Allison's Book Bag

Girl vs. Ghost by Kate McMurry and Marie August

Posted on: September 3, 2011

Ghosts, witches, angels, and demons! Girl vs. Ghost by Kate McMurry and Marie August is not my typical fantasy. Normally, I read about princes and princesses, fairies and changelings, gods and goddesses, and magic creatures and other lands. The paranormal genre however sometimes contains some elements that make me uncomfortable due to my religious beliefs.

Isabel Lindley doesn’t believe in magic, but her best friend Tripp Macauley does. When we first meet them, Tripp is wearing a wizard’s robe. What could be seen as two teens playing dress-up takes on an all-too-real tone when we see the girls seated at opposite edges of a magic circle. Tripp is trying to perform a casting spell and Isabel is serving as her “amplifier” by waving a candle every time Tripp waves hers. Moreover, from the perspective of the ghost which Tripp succeeds in conjuring up, “black-purple smoke is “trickling from Isabel’s belly and “thick red smoke-light” is surging from Tripp’s midsection, and a “churning cloud is billowing” from the book of spells. In every way, this scene evokes images of witches—with humor. As the girls sit opposite one another, Isabel’s thoughts are on the salt which they had used to create the circle and how it’s going to be a major hassle to clean up.

Girl vs. Ghost is part comedy, part romance, and part paranormal. After Tripp inadvertently conjures up a ghost, we discover that Marc doesn’t even know that he is one. In addition, we discover that only Isabel can see Marc and that he’s connected to her by a cable. The reason that only Isabel can see Marc is a revealed late in the book. As for the cable, while it is a little hokey, the predicament of the two being tied together makes for some of the funniest scenes in the book. If you wonder how, think about trying to shower while being tethered to the opposite sex. While I rarely care for the multiple point-of-views technique, the authors used it to their advantage to allow Marc to show real male feelings. Even though Marc remains outwardly polite to Isabel, in his mind we see that he’d love if just once she were to drop her towel. Of course, given how much these two teenagers start out by hating one another, the real question isn’t whether they will end up together but how they’ll overcome their animosity to work together. And work together they must. When Tripp’s grandmother summons an angel to take Marc towards the light, we learn there is a deeper darkness afoot. Isabel must help Marc or he will forever remain an amnesiac ghost.

My main complaint outside the paranormal element is the one I keep having about many first novels. No doubt it’ll be the one that other reviewers will also knock me for if I ever become a novelist and that is: the writing quality is, not surprisingly, uneven. Sometimes the descriptions seem natural; other times they’re forced. Before the girls meet Marc, Isabel has an eerie sensation that she’s being watched. As Isabel tries to figure out why, readers are treated to a well-crafted tour of her room that builds up suspense. In another scene, Isabel reflects upon her friendship with Tripp and in doing so talks about her friend’s appearance. This description feels more obligatory, even if it is well written. Unfortunately, some of the exposition and dialog seems clunky and verbose. At times, the exposition yanked me out of the story of slowed down what should have been a taunt action-packed moment.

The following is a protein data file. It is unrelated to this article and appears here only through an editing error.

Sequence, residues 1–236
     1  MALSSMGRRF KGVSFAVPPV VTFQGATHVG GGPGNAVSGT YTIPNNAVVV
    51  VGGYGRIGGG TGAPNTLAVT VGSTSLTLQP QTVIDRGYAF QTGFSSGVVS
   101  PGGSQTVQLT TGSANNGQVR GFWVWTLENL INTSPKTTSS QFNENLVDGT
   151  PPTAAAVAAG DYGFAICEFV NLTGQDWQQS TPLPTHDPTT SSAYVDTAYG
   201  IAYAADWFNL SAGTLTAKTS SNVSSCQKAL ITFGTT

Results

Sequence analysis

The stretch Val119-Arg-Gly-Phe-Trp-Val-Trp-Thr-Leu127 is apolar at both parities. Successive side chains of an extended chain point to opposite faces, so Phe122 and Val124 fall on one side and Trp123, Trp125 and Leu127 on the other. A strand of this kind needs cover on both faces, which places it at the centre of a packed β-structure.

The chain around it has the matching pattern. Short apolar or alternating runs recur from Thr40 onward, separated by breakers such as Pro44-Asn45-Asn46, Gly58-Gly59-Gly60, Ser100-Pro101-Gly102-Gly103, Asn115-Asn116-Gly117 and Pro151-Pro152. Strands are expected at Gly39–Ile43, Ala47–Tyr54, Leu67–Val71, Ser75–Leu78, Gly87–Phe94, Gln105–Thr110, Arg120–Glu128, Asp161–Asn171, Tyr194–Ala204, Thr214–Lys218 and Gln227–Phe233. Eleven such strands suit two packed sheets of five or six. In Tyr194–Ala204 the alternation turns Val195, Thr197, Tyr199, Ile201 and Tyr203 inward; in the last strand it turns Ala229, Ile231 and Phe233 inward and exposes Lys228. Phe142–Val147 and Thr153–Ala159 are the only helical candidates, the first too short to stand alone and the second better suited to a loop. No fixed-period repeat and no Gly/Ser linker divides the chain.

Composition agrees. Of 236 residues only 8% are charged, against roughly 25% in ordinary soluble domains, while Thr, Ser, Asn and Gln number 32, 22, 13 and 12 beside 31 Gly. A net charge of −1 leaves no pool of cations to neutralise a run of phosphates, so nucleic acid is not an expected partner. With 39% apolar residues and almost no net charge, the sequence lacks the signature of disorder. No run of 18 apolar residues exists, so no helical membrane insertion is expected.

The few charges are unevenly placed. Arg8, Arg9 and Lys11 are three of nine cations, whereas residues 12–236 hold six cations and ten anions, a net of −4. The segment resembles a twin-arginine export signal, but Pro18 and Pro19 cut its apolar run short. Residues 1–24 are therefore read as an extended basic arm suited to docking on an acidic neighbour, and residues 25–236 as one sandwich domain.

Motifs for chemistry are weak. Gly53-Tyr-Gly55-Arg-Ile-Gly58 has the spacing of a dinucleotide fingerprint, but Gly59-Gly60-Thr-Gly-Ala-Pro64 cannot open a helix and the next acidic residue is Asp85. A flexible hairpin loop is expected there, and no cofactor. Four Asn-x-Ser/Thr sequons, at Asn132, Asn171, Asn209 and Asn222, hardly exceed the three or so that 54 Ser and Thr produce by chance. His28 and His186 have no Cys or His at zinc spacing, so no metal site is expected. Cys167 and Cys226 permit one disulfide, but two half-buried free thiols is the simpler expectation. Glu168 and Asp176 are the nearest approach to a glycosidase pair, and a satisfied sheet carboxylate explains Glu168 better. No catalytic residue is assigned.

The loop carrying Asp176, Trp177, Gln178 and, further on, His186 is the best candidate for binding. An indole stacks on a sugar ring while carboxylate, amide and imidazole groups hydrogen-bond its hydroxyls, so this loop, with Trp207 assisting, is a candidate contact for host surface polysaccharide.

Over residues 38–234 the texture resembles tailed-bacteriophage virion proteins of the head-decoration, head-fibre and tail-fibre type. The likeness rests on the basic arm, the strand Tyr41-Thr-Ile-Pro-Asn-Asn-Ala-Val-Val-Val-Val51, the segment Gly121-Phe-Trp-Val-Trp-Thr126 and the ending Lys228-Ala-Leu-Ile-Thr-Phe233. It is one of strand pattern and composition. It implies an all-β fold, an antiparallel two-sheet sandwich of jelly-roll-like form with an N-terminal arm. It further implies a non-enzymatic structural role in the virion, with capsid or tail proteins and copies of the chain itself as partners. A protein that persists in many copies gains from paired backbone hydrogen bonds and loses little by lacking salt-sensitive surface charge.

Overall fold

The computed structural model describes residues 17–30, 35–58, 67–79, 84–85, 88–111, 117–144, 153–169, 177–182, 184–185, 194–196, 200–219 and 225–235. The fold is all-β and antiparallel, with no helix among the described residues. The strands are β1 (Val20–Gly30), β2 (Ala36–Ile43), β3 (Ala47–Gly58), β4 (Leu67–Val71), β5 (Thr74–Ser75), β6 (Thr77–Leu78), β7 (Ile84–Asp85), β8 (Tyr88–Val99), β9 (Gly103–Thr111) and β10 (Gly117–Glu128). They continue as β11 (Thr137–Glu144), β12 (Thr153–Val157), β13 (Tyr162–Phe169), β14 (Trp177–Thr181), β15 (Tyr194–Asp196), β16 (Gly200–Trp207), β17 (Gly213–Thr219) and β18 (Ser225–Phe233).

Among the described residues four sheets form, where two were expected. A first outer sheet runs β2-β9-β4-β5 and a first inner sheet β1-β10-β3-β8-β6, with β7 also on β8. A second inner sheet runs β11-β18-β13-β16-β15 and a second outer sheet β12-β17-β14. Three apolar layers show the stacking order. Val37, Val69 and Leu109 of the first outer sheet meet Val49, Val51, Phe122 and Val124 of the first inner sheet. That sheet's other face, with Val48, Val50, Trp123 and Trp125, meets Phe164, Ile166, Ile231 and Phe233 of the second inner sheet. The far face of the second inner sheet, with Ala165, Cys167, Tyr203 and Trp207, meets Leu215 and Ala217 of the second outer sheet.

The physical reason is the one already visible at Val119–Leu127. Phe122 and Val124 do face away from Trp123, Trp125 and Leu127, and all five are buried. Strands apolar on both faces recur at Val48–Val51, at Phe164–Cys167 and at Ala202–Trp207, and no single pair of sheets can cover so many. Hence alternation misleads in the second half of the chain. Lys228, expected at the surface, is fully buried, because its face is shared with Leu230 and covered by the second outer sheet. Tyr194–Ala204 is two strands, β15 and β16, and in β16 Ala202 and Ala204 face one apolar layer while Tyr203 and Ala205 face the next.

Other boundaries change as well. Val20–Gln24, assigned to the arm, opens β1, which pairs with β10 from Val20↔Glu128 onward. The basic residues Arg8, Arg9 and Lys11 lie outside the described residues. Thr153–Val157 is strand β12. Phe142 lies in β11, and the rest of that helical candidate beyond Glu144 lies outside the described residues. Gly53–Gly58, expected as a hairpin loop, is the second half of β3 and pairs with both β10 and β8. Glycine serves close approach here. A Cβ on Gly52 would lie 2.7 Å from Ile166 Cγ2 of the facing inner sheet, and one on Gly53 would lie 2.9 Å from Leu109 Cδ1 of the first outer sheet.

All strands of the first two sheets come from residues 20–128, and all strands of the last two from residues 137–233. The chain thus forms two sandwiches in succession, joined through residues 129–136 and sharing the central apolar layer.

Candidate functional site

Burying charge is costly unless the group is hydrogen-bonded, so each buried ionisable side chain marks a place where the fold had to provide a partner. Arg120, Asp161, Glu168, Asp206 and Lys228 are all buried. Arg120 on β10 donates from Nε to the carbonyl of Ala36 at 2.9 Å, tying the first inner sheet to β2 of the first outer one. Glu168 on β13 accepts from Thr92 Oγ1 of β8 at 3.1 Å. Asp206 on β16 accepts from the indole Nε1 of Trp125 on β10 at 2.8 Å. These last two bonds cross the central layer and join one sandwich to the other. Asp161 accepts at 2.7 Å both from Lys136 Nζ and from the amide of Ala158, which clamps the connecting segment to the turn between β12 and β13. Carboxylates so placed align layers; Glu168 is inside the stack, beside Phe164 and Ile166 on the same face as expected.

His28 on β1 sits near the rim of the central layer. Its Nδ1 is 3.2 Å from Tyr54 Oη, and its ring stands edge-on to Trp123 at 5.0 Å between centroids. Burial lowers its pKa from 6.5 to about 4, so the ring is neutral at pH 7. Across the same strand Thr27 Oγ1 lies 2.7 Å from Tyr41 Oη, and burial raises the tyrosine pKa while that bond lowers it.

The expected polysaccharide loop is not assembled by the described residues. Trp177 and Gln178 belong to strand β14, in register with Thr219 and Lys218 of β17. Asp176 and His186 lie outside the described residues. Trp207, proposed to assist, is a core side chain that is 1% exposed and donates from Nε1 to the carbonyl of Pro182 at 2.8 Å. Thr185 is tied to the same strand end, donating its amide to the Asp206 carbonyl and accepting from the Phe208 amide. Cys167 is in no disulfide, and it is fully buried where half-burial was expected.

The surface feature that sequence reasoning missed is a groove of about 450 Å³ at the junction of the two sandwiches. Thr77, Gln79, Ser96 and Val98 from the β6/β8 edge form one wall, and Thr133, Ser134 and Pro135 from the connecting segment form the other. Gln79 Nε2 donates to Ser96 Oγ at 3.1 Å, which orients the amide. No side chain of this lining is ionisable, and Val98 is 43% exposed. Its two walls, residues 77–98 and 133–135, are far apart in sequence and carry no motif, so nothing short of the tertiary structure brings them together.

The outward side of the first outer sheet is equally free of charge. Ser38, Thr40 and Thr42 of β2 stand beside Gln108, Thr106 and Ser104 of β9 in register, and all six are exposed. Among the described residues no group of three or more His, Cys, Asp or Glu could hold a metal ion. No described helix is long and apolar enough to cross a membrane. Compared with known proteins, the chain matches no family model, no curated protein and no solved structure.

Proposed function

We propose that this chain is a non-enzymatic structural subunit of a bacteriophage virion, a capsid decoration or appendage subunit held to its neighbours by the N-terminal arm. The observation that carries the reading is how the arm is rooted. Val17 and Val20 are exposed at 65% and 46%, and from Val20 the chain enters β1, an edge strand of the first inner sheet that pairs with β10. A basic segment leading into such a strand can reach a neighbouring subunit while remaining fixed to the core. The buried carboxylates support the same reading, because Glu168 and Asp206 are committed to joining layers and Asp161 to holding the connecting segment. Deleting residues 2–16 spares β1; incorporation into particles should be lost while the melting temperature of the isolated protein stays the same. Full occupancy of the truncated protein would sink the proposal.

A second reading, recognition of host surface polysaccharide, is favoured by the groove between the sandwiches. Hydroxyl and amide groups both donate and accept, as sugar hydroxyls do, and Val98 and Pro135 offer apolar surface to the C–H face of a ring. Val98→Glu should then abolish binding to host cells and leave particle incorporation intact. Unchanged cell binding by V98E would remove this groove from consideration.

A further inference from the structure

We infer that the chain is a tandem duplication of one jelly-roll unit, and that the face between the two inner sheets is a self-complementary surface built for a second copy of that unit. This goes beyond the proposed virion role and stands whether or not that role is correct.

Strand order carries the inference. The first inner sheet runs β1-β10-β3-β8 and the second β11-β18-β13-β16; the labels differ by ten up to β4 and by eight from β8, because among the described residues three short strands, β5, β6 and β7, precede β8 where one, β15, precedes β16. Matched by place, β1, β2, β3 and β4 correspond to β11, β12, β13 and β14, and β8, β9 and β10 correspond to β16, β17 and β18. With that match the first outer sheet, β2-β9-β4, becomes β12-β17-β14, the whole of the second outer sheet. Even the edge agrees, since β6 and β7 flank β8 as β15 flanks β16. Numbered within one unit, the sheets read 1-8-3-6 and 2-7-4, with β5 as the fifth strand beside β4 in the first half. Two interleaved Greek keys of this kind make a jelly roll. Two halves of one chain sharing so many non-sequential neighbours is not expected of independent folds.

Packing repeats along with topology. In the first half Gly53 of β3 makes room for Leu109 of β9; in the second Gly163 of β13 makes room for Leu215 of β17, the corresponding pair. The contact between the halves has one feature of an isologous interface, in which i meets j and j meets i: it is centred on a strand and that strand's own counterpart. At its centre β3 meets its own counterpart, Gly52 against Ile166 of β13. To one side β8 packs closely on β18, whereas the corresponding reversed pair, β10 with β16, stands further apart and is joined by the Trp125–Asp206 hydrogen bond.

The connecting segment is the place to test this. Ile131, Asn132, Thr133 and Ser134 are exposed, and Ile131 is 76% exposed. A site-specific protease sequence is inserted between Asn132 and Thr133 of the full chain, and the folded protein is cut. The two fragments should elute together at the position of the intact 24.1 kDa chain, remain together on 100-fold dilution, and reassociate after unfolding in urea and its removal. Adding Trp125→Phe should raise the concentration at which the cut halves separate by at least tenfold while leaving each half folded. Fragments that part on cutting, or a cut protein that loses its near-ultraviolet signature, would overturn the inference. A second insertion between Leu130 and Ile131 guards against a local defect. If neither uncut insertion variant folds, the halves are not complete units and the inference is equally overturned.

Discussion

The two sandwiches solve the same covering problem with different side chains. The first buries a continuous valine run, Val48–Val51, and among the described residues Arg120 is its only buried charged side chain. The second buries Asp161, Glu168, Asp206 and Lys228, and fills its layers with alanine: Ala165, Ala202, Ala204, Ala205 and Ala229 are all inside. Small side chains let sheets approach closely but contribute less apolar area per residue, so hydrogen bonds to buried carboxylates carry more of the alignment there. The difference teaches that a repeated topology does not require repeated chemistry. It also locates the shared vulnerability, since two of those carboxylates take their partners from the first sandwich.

The bigger issue for me is that the positive references to psychic abilities, witchcraft, and even New Age are unsettling. Why does the underlying acceptance of witchcraft bother me? I like fantasies such as Wizard of Oz and Harry Potter. The difference is that fictional magic practiced in a fantastical way feels like just pretend, while magic practiced in a realistic way feels too real. It probably seems as I’m rationalizing what kind of paranormal books I will accept or not accept. In reality, the choice isn’t always clear cut to me. What do you think about paranormal fantasy? If you like it, are there lines you draw regarding what you will or will not read?

These concerns aside, the story was refreshingly cute for paranormal fiction, which is often dark. Also, I like that Marc is not a “bad boy,” but just an innocent bystander. For those who are open to all aspects of the paranormal line of fiction, Girl vs. Ghost is a nice guilty pleasure.

My rating? Read it: Borrow from your library or a friend. It’s worth your time.

How would you rate this book?


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I am focusing this year on other commitments. Once a month, I’ll post reviews of Advanced Reader Copies. Titles will include: Freddy Frogcaster and the Flash Flood by Janice Dean, One Two by Igor Eliseev, Incredible Magic of Being by Kathyrn Erskine, Dragon Grammar Book by Diane Robinson, and Wide as the Wind by Edward Stanton.



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